Electrostatic discharge is one of the most frequently overlooked nuisances in any given setting. In fact, it is an extremely important factor to consider in commercial settings where ESD can be much more than a simple nuisance- a serious hazard.
Due to friction, a lot of surfaces in the workplace and other settings can acquire a static charge.
This static may discharge in the form of a small spark which can be dangerous around flammable substances and even interfere with sensitive tools and electronics.
Additionally, statically charged surfaces can also attract dust particles and other contaminants more strongly, compromising the general cleanliness of the area.
But Does Paper In ESD Area Pose A Risk? Let’s talk about it!
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There are several approaches that can be taken to eliminate the impact of ESD in workplaces and even at home settings. For example, a lot of people use anti-static bands to ground their belongings and provide a safe passageway for the discharge of static. You can also get anti-static fabrics, clothing, shoes, and most other garments. In commercial settings, people may even employ the use of entirely ESD flooring and carpeting.
ESD control is necessary for certain environments, particularly settings associated with things like healthcare and sensitive electronics. In order to ensure that static discharge does not wreak havoc where it is not needed, it is possible to create what is called an ESD-protected area.
What is an ESD Protected Area?
ESD protected zones are designated areas that are designed to be free of electrostatic buildup and discharge. These can be simple storage areas or even actual workstations. Typically, ESD-protected areas are employed in commercial and professional settings to ensure sensitive equipment and components do not get fried by this invisible danger. These zones are typically marked with the help of signs and stickers to ensure best practices.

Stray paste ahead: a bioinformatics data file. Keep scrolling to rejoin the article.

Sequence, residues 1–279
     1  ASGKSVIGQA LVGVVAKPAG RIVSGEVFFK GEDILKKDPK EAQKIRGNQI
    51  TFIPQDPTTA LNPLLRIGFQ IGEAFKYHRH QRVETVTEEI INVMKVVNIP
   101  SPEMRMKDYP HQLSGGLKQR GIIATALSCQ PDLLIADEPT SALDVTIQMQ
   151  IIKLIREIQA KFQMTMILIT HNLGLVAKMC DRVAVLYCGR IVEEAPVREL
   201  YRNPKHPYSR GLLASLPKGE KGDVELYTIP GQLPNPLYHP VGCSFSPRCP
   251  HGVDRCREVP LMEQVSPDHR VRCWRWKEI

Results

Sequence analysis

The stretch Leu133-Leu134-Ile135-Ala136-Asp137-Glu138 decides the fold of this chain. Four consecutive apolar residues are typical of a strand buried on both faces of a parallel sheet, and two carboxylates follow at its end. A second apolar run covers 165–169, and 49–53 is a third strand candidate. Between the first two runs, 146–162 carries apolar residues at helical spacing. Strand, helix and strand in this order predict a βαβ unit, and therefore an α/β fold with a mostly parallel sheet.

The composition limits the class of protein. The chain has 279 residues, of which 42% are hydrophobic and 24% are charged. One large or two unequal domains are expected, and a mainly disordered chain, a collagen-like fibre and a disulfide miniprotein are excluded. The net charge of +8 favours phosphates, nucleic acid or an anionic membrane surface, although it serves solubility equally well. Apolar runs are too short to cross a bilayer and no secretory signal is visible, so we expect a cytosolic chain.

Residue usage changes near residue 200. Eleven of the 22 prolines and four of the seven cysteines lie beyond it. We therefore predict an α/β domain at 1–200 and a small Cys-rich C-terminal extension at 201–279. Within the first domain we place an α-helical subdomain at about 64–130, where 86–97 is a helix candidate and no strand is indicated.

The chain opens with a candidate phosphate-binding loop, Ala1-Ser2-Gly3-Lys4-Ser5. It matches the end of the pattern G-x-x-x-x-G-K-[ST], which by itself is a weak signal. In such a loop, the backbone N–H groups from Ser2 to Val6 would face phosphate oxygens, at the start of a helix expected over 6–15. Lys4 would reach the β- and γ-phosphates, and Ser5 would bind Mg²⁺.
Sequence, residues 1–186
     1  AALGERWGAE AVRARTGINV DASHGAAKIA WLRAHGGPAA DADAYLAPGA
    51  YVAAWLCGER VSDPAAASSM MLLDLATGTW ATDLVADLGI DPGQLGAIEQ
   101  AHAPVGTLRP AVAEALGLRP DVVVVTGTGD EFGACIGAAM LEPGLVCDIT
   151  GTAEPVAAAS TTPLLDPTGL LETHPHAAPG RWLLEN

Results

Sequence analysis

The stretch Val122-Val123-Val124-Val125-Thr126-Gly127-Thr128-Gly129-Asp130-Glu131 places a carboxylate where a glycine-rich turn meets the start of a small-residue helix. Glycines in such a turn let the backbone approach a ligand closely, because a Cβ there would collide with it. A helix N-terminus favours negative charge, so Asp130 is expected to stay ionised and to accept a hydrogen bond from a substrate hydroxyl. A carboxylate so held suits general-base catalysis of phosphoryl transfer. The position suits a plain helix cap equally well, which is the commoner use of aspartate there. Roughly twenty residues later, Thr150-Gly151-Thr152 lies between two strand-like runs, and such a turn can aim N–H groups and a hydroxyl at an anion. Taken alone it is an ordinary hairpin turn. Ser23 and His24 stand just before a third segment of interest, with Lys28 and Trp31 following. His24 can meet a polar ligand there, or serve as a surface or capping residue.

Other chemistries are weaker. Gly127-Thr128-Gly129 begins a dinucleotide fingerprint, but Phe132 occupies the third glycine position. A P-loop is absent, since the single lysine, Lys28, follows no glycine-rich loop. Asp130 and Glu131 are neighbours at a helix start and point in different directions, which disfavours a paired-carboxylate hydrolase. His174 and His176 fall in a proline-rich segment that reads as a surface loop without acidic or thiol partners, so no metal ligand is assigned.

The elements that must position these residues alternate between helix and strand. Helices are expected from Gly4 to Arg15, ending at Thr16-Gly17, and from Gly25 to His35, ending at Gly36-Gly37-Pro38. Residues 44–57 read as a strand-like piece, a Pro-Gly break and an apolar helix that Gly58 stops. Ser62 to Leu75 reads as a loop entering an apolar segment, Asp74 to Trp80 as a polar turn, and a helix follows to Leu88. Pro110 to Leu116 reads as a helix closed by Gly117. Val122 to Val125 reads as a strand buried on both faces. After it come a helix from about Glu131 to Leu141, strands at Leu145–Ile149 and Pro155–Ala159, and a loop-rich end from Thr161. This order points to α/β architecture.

An ESD protected area will consist of ESD safe flooring as well as furniture including workbenches and shelves. These areas also use grounded and dissipative items to facilitate the safe discharge of any static buildup in the area. Insulators are typically kept far away because they cannot be grounded. As a result, they pose a threat for unsafe static discharge.
Does Paper in ESD Area Pose a Risk?
While it does not pose a gigantic threat, regular paper can be considered to pose a certain degree of risk to ESD-protected areas. Typically, the normal kind of paper that all of us tend to use is a low charging insulator. It eagerly absorbs moisture. It can potentially interfere with the grounding if any ESD-sensitive items and objects are placed on the paper.
You will want to make sure that you keep any and all non-essential insulators away from your ESD-protected area as they can potentially compromise the integrity of your ESD-free setting.
This includes items made from plastic and non-dissipative paper products. So things like food wrappers, folders, binders, tape, cups, and the like should be kept as far away from the ESD-protected workstation as possible.
Humidity and Paper
One important thing to know is the relationship between paper and humidity. Humidity has a significant impact on static buildup on paper and paper products. The less the humidity in the environment, the more easily it takes up a charge.
Typically, however, it is low charging and dissipative in nature. So keep in mind that it will behave more like an insulator during periods of low humidity.
What if I Need to Use an Insulator for my Work?
If you must use an insulating item for the sake of your work, try to ensure that it is kept at a safe distance from your ESD-sensitive equipment or machinery.
As a general principle, keep these insulators at least 30 cm or 12 inches away from your ESD area.
If possible, try to look for ESD-safe alternatives instead of running the risk. You will find a lot of ESD protective items online. Additionally, make it a practice to use anti-static solutions and coatings on your items regularly to get that extra layer of protection.
What is ESD Paper?
If you need to have paper in your ESD-free area, it is possible for you to purchase ESD paper that is designed to dissipate static and keep your area static-free. A simple internet search will show you a lot of options to order ESD paper that will not interfere with your ESD zone.
On the other hand, you can also use other products to shield your equipment from static discharge from paper or paper products. For example, you will find ESD sheet protectors or document protectors which can be used to safely stow away paper.
So if you are aware that you operate in a largely low humidity setting, then I would definitely recommend looking into investing in such products to be on the safe side.